Tuesday, April 1, 2014

Wrong notes and choices

I firmly believe that people play wrong notes for the right reason:  namely, that their ear leads them to a better proposition than the one chosen by the composer, for reasons known to him or her alone.

Today I had a perfect example of how this is true.  My computer-animator student with the extraordinary ear kept playing a certain wrong note in the opening of the second movement of the "Moonlight."  Anyone with a background in music theory would be incapable of playing that note wrong.  I know that I could not do so.  I look at the score and know in advance what it will sound like.

Not so this young man.  By the time his lesson was over I had learned about the choices Beethoven made much more than I would ever dreamed possible, all because of this young man's unbiased and accurate ear.  It is not accurate in any theoretical or conceptual sense; it is simply accurate.  There is a huge difference between the two.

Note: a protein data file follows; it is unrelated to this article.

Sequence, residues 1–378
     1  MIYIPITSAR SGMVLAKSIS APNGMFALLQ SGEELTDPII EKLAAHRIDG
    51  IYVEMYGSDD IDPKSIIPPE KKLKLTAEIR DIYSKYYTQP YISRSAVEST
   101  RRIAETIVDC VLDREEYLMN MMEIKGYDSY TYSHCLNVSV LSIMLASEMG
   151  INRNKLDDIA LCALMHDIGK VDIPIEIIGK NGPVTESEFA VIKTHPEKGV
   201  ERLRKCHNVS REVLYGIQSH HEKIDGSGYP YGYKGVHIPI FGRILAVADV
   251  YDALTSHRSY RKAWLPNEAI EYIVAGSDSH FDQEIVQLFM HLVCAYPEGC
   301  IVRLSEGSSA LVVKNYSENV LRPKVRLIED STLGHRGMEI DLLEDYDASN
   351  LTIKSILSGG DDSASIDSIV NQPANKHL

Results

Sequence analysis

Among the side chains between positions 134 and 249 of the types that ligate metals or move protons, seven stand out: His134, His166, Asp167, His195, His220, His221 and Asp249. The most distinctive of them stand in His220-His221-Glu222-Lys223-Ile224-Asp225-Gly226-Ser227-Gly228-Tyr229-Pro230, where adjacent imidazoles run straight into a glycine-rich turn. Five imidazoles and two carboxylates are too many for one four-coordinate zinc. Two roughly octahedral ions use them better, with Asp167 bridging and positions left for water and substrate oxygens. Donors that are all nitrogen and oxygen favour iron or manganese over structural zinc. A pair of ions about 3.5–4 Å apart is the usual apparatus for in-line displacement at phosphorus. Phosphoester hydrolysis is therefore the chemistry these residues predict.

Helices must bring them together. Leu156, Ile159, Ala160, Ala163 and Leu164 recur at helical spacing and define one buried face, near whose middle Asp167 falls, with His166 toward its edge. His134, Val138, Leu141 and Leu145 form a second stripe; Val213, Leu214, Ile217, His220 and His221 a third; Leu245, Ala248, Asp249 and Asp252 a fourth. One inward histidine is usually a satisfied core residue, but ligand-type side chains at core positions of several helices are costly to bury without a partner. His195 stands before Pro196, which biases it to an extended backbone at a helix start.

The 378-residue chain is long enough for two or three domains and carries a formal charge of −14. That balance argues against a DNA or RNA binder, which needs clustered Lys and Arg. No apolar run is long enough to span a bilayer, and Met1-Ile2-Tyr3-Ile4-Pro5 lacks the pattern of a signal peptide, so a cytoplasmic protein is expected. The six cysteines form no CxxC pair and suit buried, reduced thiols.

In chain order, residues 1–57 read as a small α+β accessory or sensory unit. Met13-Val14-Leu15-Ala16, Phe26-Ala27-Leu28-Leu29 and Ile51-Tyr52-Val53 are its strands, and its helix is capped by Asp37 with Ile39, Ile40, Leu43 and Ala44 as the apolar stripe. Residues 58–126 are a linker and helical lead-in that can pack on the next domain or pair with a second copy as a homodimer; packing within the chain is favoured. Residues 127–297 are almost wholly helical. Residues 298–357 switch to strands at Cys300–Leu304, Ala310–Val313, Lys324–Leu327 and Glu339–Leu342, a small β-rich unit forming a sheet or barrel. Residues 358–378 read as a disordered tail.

Odd, because just this morning I was asking myself why that seemingly "normal" movement sits between two such giant challenges, one slow, the other agitated.  Now, thanks to him, I get it.